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Problems with packages?
Just to review, do we all agree that
(3) dynamic variables *read-base* and *read-suppress* etc
all form part of a global database affecting the reader syntax, and that it
is a unique featue of Lisp that this database may be modified dynamically
by the user? Perhaps a fourth point ought to be added:
(4) packages do not solve, nor even address, the problem of lexicality.
Too often in the past several years I've seen persons who "come up" with
a solution to the problem of lexical variables by "putting them in
separate packages". It takes a lot of explaining to separate out the
difference between syntax parsing and program semantics; perhaps it is
because Lisp is so lividly dynamic that this confusion is so easy to make.
On the other hand, the spate of conjectures as to what "lexical packages"
might possibly mean leads to a situation, a variant of (4), which could be
(5) lexicality does not solve, nor even address, the problem of packages.
Given this background, and the fact that the "lexical packages" discussion
seems to have been started by a misunderstanding of "lexical" or "packages"
or both, then I think we can best spend our broadcasted mail time focusing
on questions like the following:
(A) What else besides the default setting of *package* should be added
to the set of conventions? is the ZetaLisp "Syntax:" command adequate?
Of course there is *read-base*, but what else?
(B) Must the editor settle all parsing/syntax related settings before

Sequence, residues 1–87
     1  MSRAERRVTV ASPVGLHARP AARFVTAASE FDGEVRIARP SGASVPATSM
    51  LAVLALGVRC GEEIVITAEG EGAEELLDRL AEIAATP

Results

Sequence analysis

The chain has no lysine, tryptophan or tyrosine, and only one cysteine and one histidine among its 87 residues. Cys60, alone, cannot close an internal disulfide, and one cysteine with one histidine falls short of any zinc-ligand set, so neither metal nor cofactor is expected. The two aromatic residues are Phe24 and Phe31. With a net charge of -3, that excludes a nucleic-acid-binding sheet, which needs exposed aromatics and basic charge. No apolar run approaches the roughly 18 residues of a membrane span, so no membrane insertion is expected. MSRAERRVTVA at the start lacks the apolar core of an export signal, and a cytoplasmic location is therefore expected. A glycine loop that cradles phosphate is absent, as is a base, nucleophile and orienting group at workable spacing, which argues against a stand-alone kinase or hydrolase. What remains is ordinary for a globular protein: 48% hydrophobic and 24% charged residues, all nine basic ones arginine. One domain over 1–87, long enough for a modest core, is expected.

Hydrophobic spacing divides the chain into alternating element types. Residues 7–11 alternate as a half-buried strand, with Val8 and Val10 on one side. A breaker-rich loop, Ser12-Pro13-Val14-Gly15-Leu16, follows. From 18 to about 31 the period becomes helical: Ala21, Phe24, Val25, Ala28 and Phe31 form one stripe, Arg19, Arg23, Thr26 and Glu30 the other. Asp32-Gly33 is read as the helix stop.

even "loading" in the file ? or can it wait until a READ operation
is applied to some part of the buffer? a "lazy" parsing.
(C) What are reasonable conventions for scoping a database configuration?
Is a file the appropriate scope? What about streams that arent files?
Regarding (B), one may well ask why a line like
is any more mysterious to a default-context parser than the line
;;; Package: FOO
Dill seemed to be asking this question in his note last week; one needn't
think that the former line has to be subjected to READ any more than the
latter one. But the more lispy looking line *can* be interpreted by
the simple-minded read-eval-print loaded.
Weinreb seemed to summarize the differences between th ZetaLisp approach
and the SpiceLisp approach as the amount of importance attached to the
editor context problem. I hope it will never be the case, such as it
is now in Interlisp, that one can create files which the standard system
tools cannot parse well enough to be able to edit (and, hence to fix
the silly little bug that managed to creep into them). Admittedly it
doesn't happen often, but on those ocasions one must abandon the standard
program/file editor (in Interlisp) and drop down to some kind of text
editor to repair the damage. [It is not, repeat not, such a simple
thing to do to an Interlisp program file, for generally lots of low-level
things you never really wanted to know about will break when you "hand-
edit" a file, and you'll spend half an hour to half a day trying to
figure out random messages about "file maps" and so on.]
-- JonL --